Gambling involves risking something of value (usually money) on an event whose outcome is determined by chance. It may be as simple as placing a bet on a football team to win a match or buying a scratchcard. The person who gambles must consider the odds (the chance of winning) and decide how much they are willing to bet, then place their bet. The winner is the person who wagers more than they lose.
It’s possible for people to get addicted to gambling. Having an addiction to gambling can negatively impact your health, family life and work performance. It can also lead to debt and even homelessness. If you feel that your gambling is out of control, you can seek help from one of our counsellors. They’re free, confidential and available 24/7.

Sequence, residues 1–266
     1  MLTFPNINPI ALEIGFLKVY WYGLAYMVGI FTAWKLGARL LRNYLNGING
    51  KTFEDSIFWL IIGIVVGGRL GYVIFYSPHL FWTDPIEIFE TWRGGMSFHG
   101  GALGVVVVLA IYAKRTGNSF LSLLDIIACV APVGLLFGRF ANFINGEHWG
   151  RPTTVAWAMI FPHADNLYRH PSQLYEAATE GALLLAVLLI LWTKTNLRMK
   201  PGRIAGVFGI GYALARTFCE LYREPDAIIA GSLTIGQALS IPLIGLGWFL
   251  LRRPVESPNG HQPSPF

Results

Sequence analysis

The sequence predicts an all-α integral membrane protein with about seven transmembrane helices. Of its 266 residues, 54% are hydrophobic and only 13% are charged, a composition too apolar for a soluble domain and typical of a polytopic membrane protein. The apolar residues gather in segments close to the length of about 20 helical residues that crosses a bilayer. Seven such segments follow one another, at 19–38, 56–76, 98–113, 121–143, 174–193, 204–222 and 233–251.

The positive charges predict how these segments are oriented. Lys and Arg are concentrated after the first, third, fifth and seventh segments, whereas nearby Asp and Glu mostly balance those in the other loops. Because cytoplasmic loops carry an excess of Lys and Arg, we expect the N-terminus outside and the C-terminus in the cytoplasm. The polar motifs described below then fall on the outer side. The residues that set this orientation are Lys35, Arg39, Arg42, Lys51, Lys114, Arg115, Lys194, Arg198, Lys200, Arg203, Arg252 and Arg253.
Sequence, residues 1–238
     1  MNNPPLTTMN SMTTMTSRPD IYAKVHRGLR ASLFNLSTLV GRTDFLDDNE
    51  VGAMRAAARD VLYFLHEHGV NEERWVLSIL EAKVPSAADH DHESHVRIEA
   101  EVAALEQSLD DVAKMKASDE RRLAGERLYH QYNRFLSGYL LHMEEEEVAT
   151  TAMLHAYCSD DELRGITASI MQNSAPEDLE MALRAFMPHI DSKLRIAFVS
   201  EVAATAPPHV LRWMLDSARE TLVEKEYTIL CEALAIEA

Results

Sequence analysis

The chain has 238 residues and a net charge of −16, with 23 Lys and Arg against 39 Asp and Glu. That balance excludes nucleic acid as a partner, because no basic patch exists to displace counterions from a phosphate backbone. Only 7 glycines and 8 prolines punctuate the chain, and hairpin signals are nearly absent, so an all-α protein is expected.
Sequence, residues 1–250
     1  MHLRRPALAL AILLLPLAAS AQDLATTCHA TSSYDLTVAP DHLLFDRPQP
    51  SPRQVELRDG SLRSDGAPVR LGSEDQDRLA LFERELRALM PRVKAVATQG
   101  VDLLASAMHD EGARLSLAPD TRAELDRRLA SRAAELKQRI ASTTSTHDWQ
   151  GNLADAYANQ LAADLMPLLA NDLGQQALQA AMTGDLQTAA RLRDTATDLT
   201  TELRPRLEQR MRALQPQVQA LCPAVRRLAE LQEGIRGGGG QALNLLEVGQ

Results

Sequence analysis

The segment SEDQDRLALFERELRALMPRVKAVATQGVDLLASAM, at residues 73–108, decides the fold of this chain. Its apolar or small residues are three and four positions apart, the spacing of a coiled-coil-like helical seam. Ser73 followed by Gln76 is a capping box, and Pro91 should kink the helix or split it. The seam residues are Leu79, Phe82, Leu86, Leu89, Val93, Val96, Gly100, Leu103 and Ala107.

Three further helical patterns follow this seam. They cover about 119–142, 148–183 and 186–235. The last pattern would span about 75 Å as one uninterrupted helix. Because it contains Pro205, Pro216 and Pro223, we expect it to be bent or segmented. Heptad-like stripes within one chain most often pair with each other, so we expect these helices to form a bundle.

When you gamble, your brain releases dopamine, a feel-good neurotransmitter. It’s the same feeling that you might experience after eating a big meal, after a workout or socialising with friends. But when gambling becomes a problem, this dopamine release can cause you to feel intensely excited for a short period of time, even when you are losing.
If you’re struggling with a gambling addiction, try to only gamble with disposable income (money that you can afford to lose) rather than money that needs to be saved for things like rent or bills. Also, set money and time limits for yourself, and stick to them. This helps to prevent a relapse. If you do relapse, try to learn from your mistakes and continue working towards recovery. You might find it helpful to join a support group such as Gamblers Anonymous, which offers guidance and advice for those with an addictive gambling disorder.